- Monitor customer service calls with technology such as call monitoring.
- Schedule your call centre agents in shifts that line up with the volume of incoming calls. For instance, you should calculate which hours are peak call times for your business, and then assign additional agents to assist customers during those times.
4. Percentage of Calls Blocked
The percentage of calls blocked is a metric that helps inbound call centres specifically. Sometimes known as “abandon rate,” it tracks how many calls were dropped when a customer attempts to call the contact centre, by measuring how many inbound calls don’t get answered.
This can be a common occurrence for some call centres, as incoming calls hit a pre-set threshold on your phone system and get deliberately disconnected.
Decreasing the Percentage of Calls Blocked
To decrease the percentage of calls blocked, call centres can make a few changes:
- Creating self-service options for customers, to help reduce overall call volume.
- Configure call queue settings such as queue callback to provide customers alternative options.
- Using virtual queues whenever customers try to get in touch with your team during periods of high call volume.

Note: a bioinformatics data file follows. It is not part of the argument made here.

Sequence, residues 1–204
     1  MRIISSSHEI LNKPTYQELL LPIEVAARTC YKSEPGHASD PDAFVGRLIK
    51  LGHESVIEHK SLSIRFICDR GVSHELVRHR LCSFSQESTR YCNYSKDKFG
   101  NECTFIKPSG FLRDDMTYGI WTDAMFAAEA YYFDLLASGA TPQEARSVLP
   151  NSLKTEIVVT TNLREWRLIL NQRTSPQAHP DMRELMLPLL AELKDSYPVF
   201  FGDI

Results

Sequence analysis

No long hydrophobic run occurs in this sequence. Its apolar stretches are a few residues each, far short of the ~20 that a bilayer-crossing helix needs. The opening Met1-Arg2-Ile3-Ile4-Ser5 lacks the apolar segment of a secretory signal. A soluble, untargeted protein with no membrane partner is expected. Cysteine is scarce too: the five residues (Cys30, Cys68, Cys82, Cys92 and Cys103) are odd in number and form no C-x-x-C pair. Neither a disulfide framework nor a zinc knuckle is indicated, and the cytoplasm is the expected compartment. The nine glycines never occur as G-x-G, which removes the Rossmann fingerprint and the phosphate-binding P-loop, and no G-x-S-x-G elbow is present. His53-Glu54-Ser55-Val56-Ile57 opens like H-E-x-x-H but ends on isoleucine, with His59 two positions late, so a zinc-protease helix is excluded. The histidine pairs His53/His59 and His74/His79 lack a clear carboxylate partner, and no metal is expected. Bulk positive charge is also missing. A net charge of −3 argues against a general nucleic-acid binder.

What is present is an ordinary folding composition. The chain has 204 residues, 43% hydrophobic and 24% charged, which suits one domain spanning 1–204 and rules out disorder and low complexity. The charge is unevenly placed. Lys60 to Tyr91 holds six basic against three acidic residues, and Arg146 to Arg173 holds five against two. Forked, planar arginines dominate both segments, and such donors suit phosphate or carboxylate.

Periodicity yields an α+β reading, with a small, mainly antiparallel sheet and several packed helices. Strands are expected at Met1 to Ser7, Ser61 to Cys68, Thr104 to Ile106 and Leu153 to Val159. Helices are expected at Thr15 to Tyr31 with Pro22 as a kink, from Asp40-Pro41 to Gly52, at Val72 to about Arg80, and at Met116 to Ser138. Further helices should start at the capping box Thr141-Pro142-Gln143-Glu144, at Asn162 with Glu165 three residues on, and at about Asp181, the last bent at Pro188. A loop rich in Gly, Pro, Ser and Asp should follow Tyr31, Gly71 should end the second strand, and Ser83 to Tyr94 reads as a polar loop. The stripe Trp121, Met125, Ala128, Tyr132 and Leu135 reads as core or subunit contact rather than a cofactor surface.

5. Average Speed of Answer (ASA)
The average speed of answer calculates the time it takes for calls to get “picked up” by agents after the initial connections to the contact centre have been made.
Average speed of answer and customer satisfaction are often directly related. If a customer waits for a long time before they talk to an agent, their customer experience will be poor, leading to a low CSAT.
6. Average Time in Queue
Average time in queue shows the average time until your customer inquiries get resolved.
The longer a customer has to wait to receive call centre service, the more impatient they will become, possibly abandoning the call or gaining a negative view of your brand.
Decreasing Average Time in Queue
To decrease average time in queue, customer service call centres can focus on:
- Creating a straightforward interactive voice response (IVR) system, to make it easy for customers to find the specific help that they need.
- Asking agents to keep an eye on the average time in queue that’s associated with each of them, individually. By seeing their performance with this metric, they can consider if they should be making their calls with customers more efficient, changing their way of performing daily operations, etc.
- Staff appropriately, according to the ebb and flow of call centre operations. If your call centre expects to see an influx of calls because of a widespread sale or holiday, you can consider partially outsourcing customer service to a third-party vendor.
7. Customer Churn Rate (CCR)
Customer churn rate measures the percentage of customers who unsubscribe from your paid services over a specified period. CCR can help businesses gauge their rate of customer retention.